Chris Nicastro, superintendent of Missouri’s fifth-largest school district (Hazelwood), will step up to face bigger challenges next month. She was named today to be Missouri Commissioner of Education.
The State Board of Education announced her selection this morning during a news conference in Jefferson City.
Nicastro, 58, is only the fifth person – and the first woman – to serve as Missouri’s top official for public schools. She will begin the new job August 1; the board set her salary at $185,400.
“We are delighted to welcome Dr. Nicastro to be Commissioner of Education and the director of the Department of Elementary and Secondary Education,” said David Liechti, St. Joseph, president of the State Board of Education.
“Chris brings a strong background of experience in Missouri public schools and a successful track record in a challenging suburban environment. She is well-known within the educational community, and she recognizes the obstacles that we face in helping low-performing schools get better,” Liechti said.
Dr. Nicastro has been superintendent of the Hazelwood School District (almost 19,000 students), in St. Louis County, since 2002. She was honored last fall as the 2009 “Superintendent of the Year” by the Missouri Association of School Administrators.
“I am deeply honored and humbled to be chosen as Missouri’s leader for public schools. I have had a wonderful experience in Hazelwood, and I think that experience has prepared me to take this big step. I am looking forward to working with other state officials and the State Board of Education to sustain the progress that Missouri has made over the past 15 years,” she said.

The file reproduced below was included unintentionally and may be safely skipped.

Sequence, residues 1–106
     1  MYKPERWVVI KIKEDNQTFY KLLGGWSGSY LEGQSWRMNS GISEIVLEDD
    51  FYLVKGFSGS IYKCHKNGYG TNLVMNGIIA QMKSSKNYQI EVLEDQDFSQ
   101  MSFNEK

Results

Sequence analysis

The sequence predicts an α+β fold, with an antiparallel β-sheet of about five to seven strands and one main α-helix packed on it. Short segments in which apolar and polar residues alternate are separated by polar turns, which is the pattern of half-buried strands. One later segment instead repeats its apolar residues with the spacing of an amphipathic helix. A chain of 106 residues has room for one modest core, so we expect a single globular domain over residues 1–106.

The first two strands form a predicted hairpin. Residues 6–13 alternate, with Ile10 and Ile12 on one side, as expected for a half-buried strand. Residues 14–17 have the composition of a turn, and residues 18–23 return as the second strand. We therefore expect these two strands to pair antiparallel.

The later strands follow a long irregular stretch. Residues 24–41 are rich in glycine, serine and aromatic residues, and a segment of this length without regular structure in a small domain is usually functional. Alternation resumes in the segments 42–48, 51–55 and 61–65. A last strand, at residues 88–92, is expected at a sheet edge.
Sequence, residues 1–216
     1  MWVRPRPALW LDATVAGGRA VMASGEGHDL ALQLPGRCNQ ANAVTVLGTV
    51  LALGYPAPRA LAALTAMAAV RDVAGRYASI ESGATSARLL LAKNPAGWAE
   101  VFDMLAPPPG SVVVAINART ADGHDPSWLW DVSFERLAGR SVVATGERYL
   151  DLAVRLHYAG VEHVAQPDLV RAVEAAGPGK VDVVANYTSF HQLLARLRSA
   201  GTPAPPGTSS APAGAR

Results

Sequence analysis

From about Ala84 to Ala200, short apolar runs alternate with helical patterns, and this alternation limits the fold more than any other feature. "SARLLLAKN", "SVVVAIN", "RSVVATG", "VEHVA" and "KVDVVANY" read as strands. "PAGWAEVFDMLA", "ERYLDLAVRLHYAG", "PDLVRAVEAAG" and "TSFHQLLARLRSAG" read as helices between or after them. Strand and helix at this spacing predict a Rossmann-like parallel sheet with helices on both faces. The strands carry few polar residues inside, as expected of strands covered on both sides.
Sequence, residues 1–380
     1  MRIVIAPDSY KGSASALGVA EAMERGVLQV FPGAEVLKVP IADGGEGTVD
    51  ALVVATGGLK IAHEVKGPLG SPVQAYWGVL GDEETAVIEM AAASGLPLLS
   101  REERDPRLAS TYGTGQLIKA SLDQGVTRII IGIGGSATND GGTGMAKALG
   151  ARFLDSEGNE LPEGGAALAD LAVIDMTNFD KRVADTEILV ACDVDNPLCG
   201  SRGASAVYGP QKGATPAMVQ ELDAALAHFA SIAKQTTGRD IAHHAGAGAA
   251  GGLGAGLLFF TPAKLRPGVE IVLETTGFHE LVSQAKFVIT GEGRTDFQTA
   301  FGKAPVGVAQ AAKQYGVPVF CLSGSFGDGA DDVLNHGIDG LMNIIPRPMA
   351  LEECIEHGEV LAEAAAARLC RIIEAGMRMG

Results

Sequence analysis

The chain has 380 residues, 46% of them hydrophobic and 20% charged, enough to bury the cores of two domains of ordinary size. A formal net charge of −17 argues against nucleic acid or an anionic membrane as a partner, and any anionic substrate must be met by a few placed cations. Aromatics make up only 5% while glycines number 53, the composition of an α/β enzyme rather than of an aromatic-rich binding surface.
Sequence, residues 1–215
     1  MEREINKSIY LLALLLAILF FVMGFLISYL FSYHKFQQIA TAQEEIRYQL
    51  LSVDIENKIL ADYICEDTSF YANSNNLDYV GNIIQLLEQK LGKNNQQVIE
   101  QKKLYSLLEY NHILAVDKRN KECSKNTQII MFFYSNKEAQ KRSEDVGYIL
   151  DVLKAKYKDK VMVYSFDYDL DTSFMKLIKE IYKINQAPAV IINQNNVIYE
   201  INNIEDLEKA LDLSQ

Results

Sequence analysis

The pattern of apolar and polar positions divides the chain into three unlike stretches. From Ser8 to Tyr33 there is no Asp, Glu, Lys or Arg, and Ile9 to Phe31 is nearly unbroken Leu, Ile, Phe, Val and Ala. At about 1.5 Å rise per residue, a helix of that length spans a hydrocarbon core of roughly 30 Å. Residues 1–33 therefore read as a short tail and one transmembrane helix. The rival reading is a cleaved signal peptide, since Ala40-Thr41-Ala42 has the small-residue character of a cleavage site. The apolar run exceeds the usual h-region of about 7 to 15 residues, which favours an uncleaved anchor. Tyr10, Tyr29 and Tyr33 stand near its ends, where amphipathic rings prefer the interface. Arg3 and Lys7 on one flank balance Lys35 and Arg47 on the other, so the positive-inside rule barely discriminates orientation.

She will replace D. Kent King who died in January of this year after serving almost nine years as Commissioner of Education.
“Commissioner King was a good friend and ally,” Nicastro said. “He provided critical leadership for the Department of Elementary and Secondary Education in the development of our accreditation standards, and he made some courageous decisions to intervene in some school districts that were failing. I hope to honor that legacy,” she said.
Dr. Nicastro began her career in Missouri public schools in the Northwest R-I High School (Jefferson County), working as a social studies teacher and assistant superintendent (1976-1984). She worked 11 years as an assistant superintendent in the Ritenour School District, St. Louis County (1984-1995). She was superintendent of the Riverview Gardens School District (St. Louis County) for seven years (1995-2002) before taking the Hazelwood post.
“Missouri has established a framework of high standards and expectations – long before we knew the federal mandates of No Child Left Behind. Our challenge is to bring excellent teaching and greater educational opportunities to every classroom and community in this state.
“I know just how hard it can be to push for school improvement in a highly political, racially diverse and performance-challenged environment. I also believe that state-level policymakers can provide critical support for local school leaders as they grapple with these realities,” Nicastro said
Thursday, July 02, 2009
Missouri names first woman education commissioner
Hazelwood Superintendent Chris Nicastro has been named Missouri's first education commissioner, replacing the late Dr. Kent King. The following news release was issued by the State Department of Elementary and Secondary Education: